22 May 1538 – John Forrest

A friar fried today in 1538 for daring to denounce moves to make the king head of the Church.

A vehement opposer to the English Reformation, Forrest and the other monks in the Franciscan Friars Minor overtly rejected plans to split away from Catholicism. Maybe they saw through Henry VIII’s motive – after all, the king only wanted to be able to divorce. He wanted shot of his current wife so he could bed Anne Boleyn legitimately. But ultimately the devout Catholics rejected the whole idea as ungodly.

You see, the Brits were in the throes of a religious overhaul, spurred on by our friends across the water in Europe. A priest by the name of Luther had inadvertently and unwittingly kicked off a whole, new religious faction in Germany – aptly named Lutheranism – which was to morph into Protestantism as we know it today.

Forrest trumped

However, that meant defecting away from Catholicism, but not if Forrest could help it. Forrest had trained as a theologian at Oxford before moving on to become confessor to none other than Catherine of Aragon – the wife Henry VIII was hell-bent on ditching to marry Boleyn.

Needless to say Forrest absolutely refused to accept Henry as head of all things ecclesiastical. But did he really think he could take on the king and win? Who knows, yet the prospect of death certainly didn’t stop him.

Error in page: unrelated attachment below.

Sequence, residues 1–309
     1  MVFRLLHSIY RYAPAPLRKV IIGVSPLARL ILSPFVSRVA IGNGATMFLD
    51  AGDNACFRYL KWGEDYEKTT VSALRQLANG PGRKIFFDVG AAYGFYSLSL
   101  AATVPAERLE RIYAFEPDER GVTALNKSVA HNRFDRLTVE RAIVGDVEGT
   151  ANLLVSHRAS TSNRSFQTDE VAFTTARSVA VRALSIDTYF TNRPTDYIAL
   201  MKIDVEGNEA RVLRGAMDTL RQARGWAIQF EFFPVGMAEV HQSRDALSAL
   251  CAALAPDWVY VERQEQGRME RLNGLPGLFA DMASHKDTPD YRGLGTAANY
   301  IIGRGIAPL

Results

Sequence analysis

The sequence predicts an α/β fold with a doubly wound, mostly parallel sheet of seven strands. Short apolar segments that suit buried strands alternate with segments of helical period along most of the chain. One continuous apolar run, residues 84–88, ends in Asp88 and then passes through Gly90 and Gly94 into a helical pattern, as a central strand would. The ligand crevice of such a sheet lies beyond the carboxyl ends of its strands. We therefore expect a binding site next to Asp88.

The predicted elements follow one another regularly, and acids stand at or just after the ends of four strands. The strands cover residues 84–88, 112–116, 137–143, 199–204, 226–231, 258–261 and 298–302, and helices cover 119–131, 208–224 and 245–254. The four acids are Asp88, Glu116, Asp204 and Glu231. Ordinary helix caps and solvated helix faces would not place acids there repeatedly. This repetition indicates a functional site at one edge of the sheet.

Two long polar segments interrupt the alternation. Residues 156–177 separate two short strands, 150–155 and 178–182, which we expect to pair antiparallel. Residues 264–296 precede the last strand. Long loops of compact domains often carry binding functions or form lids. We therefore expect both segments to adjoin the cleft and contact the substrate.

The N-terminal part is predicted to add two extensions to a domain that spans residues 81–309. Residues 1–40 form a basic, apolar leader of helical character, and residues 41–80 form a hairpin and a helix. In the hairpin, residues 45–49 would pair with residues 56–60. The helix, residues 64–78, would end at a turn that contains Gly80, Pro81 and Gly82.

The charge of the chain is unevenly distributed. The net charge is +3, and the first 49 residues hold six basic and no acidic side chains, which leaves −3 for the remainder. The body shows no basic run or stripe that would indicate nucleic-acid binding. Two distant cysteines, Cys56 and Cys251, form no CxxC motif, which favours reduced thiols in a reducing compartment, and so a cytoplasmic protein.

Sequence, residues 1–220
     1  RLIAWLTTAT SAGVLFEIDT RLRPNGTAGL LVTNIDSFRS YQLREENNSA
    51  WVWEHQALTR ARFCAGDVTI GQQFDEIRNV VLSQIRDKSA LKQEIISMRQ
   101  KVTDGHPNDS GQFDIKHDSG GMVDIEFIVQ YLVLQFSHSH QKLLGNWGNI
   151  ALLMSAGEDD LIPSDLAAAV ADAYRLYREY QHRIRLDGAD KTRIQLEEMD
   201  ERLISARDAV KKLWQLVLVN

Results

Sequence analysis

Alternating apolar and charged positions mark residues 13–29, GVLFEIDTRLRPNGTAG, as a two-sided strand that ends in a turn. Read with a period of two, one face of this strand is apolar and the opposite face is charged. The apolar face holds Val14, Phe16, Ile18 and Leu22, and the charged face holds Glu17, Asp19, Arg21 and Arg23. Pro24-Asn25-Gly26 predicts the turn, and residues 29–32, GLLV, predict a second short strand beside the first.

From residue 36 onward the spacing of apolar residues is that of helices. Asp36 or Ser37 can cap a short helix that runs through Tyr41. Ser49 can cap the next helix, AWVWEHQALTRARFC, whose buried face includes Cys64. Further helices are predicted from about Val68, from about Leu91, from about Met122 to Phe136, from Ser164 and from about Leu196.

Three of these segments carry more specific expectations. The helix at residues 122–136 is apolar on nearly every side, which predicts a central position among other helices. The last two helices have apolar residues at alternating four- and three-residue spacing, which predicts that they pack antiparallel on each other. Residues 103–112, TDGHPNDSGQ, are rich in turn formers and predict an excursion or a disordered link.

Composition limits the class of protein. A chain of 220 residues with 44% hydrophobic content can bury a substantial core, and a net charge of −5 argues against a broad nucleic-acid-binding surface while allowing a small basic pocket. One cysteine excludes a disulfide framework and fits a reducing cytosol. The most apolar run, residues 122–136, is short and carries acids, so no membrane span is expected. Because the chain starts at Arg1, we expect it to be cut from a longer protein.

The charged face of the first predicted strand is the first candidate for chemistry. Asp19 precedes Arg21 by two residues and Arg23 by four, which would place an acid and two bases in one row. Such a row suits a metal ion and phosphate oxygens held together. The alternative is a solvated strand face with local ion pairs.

In fact, he was so against what he saw as blasphemous nonsense that his antagonism landed him in front of Thomas Cranmer at Lambeth Palace, where he had to answer to charges of treason. There Forrest was found guilty and sentenced to be burned at the stake.

Ash Forrest

It was some stake they found for him. A special statue was shipped in from Wales – one effigy of Darvell Gatheren, which according to legend would be responsible for setting a forest alight. Somehow, we’re pretty certain when the prophecy first came to light, no-one could have ever imagined the Forrest would be human.

The wooden statue was stuck on the pyre, with Friar Forrest attached for all to see, in the middle of Smithfields, in London.

It took two long hours for Forrest’s fire to burn him to a crisp. And to this day it is said that his remains can be found in one corner of St Bart’s Hospital – which sits opposite the gates of the Friars’ monastery. For his pains, Forrest was canonised in 1886 and today is his feast day.

Also on this day

22 May 1793 – Agnes M’callum

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